There seems to be a Jew vs Gentile theme running in the gospel of Luke.Most of the parables seem to pit the faith of Jews vs that of Gentiles/Samaritans/tax collectors

Luke 5:27-32

Levi the Tax Collector

Pharisees/Jews vs Tax collector

Luke 7:1-9

The faith of the Centurion

Jews vs Roman Centurion

Luke 10:30-36

The Parable of good Samaritan

Priest/Levite/jew vs Samaritan

Luke 11:36

The Queen of the south

Jews vs the queen

Luke 13:24-30

The Narrow Door

Jews vs many/foreigners

Luke 14:16-24

The Parable of Great Banquet

Jews vs poor/crippled

Luke 15:1-7

The Parable of the lost Sheep

Jews vs Tax collectors/sinners

Luke 17:11-18

Ten Lepers

Jews vs Samaritan

Luke 18:9-15

The Parable of the Pharisee

Jew vs Tax collector

Luke 19:1-9

Zacchaeus the Tax Collector

Jews vs Tax Collector/sinner

Could this theme be an interpretive framework for understanding this gospel?

  • Yes, it could be, but only if you prove it by developing it further, I would suggest. Up-voted +1, in the hope that you manage to do so.
    – Nigel J
    Commented Sep 21, 2021 at 9:40
  • @NigelJ,will try Commented Sep 21, 2021 at 10:48
  • +1 interesting theory
    – Robert
    Commented Sep 21, 2021 at 19:42

2 Answers 2


A case can be made for Luke's gospel focus on the Gentiles more than the other three gospels. E.g., when Jesus was 8 days ago, his parents brought him to the temple. Simeon prophesied over Jesus in Luke 2:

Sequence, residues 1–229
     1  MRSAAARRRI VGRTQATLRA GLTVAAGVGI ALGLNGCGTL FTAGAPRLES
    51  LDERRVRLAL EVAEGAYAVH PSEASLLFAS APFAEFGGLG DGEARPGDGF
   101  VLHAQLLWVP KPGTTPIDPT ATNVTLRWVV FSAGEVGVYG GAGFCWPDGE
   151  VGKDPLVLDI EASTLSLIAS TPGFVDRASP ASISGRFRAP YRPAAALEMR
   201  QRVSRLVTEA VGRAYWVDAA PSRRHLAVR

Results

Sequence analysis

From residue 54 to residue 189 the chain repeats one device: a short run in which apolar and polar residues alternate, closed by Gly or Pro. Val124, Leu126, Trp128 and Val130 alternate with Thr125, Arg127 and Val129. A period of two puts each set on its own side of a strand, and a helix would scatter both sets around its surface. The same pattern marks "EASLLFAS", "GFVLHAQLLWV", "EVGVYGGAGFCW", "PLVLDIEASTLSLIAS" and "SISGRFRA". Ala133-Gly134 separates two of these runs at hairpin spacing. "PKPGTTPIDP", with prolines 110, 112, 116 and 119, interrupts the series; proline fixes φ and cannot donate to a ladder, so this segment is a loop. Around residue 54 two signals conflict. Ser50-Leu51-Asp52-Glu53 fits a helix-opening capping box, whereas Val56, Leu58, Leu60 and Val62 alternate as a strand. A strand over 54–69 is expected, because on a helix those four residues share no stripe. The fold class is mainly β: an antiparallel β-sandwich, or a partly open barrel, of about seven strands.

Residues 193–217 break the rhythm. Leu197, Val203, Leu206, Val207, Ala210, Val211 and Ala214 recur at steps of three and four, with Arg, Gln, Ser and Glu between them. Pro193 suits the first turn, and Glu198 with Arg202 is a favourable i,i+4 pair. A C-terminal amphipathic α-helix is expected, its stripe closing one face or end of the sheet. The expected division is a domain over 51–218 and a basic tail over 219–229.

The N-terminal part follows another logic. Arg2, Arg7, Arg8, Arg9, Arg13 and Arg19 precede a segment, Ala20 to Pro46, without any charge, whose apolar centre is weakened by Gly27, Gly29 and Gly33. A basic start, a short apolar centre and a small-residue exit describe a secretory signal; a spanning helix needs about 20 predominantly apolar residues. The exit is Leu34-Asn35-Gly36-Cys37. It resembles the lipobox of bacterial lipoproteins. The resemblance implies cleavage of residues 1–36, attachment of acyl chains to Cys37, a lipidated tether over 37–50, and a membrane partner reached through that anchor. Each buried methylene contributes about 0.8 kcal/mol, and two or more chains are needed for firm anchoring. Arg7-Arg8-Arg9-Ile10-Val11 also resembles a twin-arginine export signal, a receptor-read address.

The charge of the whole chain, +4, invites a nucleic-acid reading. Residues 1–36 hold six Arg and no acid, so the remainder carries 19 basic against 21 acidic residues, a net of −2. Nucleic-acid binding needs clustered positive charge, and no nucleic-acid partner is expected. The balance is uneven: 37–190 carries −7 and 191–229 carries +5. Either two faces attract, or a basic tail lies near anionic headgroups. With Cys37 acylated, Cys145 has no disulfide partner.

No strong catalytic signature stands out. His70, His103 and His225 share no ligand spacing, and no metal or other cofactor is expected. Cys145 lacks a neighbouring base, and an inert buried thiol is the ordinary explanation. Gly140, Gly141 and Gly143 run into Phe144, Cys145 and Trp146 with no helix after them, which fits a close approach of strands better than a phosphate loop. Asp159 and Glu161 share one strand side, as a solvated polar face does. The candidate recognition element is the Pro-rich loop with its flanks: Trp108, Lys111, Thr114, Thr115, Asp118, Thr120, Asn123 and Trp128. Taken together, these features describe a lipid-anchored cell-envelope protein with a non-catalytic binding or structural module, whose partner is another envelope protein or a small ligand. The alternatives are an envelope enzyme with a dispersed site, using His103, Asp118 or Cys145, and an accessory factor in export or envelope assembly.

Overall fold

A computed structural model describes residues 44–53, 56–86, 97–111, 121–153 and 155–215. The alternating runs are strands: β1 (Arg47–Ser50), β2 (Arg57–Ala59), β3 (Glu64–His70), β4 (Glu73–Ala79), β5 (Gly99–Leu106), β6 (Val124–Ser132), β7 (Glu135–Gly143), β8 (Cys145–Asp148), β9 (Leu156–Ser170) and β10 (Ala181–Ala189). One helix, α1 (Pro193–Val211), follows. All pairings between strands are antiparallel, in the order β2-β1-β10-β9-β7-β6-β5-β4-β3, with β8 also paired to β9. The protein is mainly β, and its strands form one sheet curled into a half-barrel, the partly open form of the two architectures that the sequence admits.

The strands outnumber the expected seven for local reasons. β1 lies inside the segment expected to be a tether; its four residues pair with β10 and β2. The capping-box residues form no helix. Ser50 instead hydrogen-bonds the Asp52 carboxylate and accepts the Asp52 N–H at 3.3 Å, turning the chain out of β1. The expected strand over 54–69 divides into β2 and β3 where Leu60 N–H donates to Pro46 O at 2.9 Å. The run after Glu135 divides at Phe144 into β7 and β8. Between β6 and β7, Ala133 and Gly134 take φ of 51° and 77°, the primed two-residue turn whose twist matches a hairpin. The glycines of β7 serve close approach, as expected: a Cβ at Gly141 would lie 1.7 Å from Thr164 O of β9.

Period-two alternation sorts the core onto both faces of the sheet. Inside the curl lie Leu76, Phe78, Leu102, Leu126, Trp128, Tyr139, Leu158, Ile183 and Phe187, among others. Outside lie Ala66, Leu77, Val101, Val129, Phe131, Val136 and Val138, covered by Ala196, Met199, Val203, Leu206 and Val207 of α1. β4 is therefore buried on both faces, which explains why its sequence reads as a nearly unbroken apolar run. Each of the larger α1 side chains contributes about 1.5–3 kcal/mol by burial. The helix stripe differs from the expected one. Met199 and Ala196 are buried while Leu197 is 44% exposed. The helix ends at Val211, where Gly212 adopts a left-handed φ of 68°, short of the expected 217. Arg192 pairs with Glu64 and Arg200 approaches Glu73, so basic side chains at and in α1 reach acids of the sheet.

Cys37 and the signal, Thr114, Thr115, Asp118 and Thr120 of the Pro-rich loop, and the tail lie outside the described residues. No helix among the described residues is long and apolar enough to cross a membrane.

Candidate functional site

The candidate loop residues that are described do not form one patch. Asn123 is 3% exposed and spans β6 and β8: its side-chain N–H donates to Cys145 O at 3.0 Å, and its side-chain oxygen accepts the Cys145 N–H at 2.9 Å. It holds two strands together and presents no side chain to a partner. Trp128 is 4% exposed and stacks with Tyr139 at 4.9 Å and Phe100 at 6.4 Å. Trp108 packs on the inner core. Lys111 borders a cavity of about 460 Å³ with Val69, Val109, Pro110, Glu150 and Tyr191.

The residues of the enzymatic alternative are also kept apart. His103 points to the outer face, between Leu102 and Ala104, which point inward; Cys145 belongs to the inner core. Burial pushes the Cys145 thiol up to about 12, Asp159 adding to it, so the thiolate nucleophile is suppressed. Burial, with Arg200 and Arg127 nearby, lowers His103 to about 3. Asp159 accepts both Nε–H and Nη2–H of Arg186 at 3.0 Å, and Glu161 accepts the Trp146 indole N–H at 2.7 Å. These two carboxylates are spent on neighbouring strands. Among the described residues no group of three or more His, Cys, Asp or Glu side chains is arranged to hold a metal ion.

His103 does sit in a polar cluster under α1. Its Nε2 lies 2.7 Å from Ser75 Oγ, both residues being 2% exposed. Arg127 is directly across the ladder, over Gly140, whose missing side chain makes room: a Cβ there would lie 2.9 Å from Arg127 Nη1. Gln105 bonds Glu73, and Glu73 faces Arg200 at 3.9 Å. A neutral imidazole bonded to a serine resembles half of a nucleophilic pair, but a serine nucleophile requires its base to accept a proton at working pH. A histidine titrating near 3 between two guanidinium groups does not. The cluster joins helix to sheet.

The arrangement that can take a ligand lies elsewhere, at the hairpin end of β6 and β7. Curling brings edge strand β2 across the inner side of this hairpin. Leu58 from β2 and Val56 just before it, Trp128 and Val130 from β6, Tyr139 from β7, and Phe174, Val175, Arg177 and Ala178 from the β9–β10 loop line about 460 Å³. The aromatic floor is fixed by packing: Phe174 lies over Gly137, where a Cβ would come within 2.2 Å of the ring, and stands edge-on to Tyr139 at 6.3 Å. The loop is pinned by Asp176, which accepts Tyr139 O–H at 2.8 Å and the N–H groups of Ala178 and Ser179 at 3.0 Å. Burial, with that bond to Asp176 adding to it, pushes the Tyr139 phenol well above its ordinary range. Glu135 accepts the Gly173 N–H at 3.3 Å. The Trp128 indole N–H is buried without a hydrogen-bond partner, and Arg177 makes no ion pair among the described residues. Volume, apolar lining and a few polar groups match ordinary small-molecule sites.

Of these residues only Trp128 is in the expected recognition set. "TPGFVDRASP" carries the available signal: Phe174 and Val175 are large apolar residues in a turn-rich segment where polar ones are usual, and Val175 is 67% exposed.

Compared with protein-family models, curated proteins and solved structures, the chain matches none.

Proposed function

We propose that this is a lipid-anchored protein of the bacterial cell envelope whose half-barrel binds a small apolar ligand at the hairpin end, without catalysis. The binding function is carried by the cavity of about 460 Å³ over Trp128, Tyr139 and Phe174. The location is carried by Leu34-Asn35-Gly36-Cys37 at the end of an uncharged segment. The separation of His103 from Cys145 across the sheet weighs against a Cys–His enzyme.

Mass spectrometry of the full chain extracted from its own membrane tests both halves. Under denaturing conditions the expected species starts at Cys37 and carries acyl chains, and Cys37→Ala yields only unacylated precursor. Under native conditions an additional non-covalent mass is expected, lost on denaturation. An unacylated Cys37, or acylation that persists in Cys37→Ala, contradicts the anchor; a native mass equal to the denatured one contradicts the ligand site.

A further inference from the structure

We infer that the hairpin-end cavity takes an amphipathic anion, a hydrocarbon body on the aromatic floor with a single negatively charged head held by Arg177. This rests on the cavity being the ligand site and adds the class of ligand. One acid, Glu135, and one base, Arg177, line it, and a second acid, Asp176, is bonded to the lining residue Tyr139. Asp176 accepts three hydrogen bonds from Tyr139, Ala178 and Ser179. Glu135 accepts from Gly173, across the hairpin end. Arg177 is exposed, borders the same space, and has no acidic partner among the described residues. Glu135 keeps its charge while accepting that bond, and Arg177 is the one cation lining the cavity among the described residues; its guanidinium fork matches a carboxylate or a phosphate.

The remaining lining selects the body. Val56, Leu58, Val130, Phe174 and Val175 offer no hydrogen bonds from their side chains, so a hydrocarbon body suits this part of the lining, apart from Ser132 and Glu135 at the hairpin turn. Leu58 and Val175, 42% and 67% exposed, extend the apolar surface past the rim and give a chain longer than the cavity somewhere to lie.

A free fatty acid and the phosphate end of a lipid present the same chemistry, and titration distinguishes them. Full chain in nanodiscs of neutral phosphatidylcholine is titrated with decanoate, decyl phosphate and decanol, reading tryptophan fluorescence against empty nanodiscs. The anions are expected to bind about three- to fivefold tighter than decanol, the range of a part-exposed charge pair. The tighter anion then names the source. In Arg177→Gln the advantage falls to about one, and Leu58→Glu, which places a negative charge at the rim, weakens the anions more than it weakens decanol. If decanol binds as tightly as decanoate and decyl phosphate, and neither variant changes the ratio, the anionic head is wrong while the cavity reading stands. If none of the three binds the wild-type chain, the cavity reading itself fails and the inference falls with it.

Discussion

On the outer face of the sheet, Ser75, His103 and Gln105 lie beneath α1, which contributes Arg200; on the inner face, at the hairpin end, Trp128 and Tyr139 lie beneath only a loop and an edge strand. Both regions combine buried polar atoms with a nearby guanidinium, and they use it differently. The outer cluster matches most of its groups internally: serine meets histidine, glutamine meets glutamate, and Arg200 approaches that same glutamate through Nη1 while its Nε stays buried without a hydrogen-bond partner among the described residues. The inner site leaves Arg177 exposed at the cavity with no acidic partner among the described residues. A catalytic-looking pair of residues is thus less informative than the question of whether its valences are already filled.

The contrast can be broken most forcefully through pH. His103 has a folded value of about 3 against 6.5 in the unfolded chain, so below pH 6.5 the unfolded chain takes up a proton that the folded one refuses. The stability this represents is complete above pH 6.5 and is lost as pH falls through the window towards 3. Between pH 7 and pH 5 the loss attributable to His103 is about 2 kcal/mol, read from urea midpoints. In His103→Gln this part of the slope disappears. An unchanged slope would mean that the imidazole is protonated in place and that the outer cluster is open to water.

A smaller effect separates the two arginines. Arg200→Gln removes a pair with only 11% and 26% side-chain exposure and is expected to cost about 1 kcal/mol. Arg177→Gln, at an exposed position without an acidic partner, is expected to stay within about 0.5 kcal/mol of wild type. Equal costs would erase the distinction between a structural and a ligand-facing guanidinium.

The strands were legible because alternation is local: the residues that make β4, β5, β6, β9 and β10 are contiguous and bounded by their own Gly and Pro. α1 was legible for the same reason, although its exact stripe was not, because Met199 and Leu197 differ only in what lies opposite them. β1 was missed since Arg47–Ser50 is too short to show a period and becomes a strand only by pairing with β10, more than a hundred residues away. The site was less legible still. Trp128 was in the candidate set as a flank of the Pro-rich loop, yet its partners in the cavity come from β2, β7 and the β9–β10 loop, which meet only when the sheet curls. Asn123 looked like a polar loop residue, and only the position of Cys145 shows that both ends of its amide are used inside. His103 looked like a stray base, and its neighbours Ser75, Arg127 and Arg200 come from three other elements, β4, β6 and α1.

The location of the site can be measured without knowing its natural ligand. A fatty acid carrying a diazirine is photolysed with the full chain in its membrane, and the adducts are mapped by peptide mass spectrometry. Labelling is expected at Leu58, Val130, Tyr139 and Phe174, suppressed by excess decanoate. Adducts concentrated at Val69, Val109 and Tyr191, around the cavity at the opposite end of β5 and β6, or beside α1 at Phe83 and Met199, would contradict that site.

29 “Sovereign Lord, as You have promised,
You now dismiss Your servant in peace.
30 For my eyes have seen Your salvation,
31 which You have prepared in the sight of all people,
32 a light for revelation to the Gentiles,
and for glory to Your people Israel.”

The above is found only in Luke.


Luke 6:20-26

20 And he lifted up his eyes on his disciples, and said:
*“Blessed are you who are poor, for yours is the kingdom of God.
21 “Blessed are you who are hungry now, for you shall be satisfied.
“Blessed are you who weep now, for you shall laugh.

22 “Blessed are you when people hate you and when they exclude you and revile you and spurn your name as evil, on account of the Son of Man!

23 Rejoice in that day, and leap for joy, for behold, your reward is great in heaven;
for so their fathers did to the prophets.*
24 “But woe to you who are rich, for you have received your consolation.
25 “Woe to you who are full now, for you shall be hungry.
“Woe to you who laugh now, for you shall mourn and weep.
26 “Woe to you, when all people speak well of you,
for so their fathers did to the false prophets.

“Most of the parables seem to pit the faith of Jews vs that of Gentiles/Samaritans/tax collectors. Could this theme be an interpretive framework for understanding this gospel?”

I think so, except I don’t think this is necessarily about Jew vs. Gentiles/Samaritans/Tax collectors specifically but instead the criminally corrupt ruling class of the Jews against everyone else Jew or Gentile whom they economically defrauded or politically designated as outcasts but of whom Christ thought worthy to call brothers.
The disbelieving and predatory in-crowd are cast out of the kingdom of God, while the believing and dispised outsiders are invited in to inherit it.

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